DE&I: Trend or the Future of Work?

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Diversity, equity and inclusion have come to the forefront of executive conversations, but is DE&I more than just an expectation of companies, or is it a sustainable business strategy? First let’s begin with what it means, diversity is having a diverse workforce. Equity is being treated fairly and hiring fairly, and inclusion is the result of how those diverse groups are being treated. There’s no doubt DE&I is an essential part of business but why? Having a robust and data driven DE&I strategy helps retain talent with better talent outcomes; reduces risk; and the increased creativity leads to better business outcomes.

Retaining Talent

Companies that invest in DE&I see better retention numbers. As companies invest in their culture, employees are happier and feel more supported. As a result, they stay longer, which is a huge cost savings considering that hiring a new employee costs several times more in time, energy and money. Retention is a critical competitive edge with almost half of employers reporting difficulty in filling roles in operations & logistics and nearly a quarter (23%) reported the same for manufacturing and production roles according to ManpowerGroup's Talent Shortage Survey. While helping retain top talent, DE&I also helps attract higher quality talent who cares about a company’s culture and are looking to invest themselves, resulting in a stronger workforce and better business outcomes. This is critical as competition for top talent becomes more global and more jobs offer hybrid/remote opportunities.

Reducing Risk

Companies investing in DE&I will experience a reduction in risk. By taking steps to evaluate and act on polices around risk and DE&I, companies protect themselves and reduce the risk of litigation. By taking a data driven approach to DE&I, companies are able to review their own challenges and vulnerabilities in the DE&I space and move forward to create protections against biases and discriminations.  Ashish Kaushal, CEO at HireTalent and Co-Founder of Consciously Unbiased, said that despite the new pressure to develop a DE&I strategy, companies have to be thoughtful moving forward, “you have to be very mindful of how we're rolling this out and I think that's the real value. The partnership we've brought is that we're [going to] do this thoughtfully in a way that helps society but also helps manage risk on the corporate side. It's important to set policies that make sense; that are risk management policies.”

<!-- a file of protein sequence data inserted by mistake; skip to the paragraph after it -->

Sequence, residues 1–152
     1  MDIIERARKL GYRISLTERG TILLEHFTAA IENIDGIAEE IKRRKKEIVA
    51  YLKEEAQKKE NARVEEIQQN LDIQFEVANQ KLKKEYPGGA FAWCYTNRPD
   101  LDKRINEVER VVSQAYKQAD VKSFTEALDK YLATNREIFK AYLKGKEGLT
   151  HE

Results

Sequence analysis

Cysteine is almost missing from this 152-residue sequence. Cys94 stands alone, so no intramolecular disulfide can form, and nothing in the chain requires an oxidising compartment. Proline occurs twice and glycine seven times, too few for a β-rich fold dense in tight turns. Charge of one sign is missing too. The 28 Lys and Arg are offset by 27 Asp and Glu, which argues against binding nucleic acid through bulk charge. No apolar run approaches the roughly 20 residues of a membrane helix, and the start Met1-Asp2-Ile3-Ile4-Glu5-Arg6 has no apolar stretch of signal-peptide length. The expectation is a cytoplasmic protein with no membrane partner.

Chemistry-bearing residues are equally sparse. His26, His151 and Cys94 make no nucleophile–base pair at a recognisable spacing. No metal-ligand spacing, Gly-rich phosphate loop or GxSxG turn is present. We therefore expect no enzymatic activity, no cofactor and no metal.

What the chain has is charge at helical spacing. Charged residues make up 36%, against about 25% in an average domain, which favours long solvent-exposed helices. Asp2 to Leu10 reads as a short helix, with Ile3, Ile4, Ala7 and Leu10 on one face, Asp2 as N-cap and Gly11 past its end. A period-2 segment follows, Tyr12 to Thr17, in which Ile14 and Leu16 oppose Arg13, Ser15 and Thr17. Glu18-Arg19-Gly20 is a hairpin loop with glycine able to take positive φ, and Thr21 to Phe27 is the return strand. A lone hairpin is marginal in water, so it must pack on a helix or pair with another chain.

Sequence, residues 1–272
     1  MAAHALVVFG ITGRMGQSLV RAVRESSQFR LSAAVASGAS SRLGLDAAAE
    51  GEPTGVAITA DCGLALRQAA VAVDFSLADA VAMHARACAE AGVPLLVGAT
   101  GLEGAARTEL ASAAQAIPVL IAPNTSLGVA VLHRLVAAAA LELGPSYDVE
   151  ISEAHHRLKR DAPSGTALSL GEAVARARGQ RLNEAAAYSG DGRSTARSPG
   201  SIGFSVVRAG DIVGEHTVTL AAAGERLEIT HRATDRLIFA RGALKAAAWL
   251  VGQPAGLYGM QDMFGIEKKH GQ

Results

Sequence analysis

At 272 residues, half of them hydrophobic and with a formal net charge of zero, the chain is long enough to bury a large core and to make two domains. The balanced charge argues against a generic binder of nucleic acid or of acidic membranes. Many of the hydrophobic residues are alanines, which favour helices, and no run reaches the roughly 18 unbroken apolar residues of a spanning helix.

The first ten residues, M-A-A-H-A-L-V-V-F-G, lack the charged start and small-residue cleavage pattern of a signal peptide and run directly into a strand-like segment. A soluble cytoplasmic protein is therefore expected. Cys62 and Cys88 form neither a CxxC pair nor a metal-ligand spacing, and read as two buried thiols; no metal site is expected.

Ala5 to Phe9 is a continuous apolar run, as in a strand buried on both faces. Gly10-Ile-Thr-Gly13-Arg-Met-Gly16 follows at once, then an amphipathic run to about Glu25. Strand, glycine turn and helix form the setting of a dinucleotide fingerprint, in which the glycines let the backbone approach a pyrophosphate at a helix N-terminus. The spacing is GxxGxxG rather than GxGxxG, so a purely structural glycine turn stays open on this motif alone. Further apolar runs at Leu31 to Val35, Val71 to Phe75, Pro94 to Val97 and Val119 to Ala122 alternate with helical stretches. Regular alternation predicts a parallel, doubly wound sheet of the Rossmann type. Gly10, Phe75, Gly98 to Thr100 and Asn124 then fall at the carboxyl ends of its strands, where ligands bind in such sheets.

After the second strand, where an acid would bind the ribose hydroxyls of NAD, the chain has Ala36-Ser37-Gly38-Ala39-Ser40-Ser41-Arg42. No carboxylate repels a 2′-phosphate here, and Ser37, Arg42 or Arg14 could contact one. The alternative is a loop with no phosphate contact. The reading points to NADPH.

Diversity and Creativity

A critical contribution of diversity is creativity. By having employees with different backgrounds and experiences, companies benefit from the creativity of its workforce. This results in creative problem solving and according to Jennifer Torney, North American VP for Client Engagement at TAPFIN, it can’t just be diverse, “employees must feel enabled to speak their mind and be creative together...[resulting in] better outcomes, period.”

Just a few years ago there was a common misconception that diversity is a ‘nice to have’ and not a business performance issue. Business leaders now know diversity needs to be addressed as a leadership and Board priority, progressed and reported as such. DE&I is much more than a trend or an HR issue, it is a business issue that is essential to the future of any organization.

Take a look at these 7 common myths (DE&I Mythbusters) about diversity, equity, and inclusion in the workplace and be sure to listen to the entire podcast episode The ROI of DE&I for additional insights.

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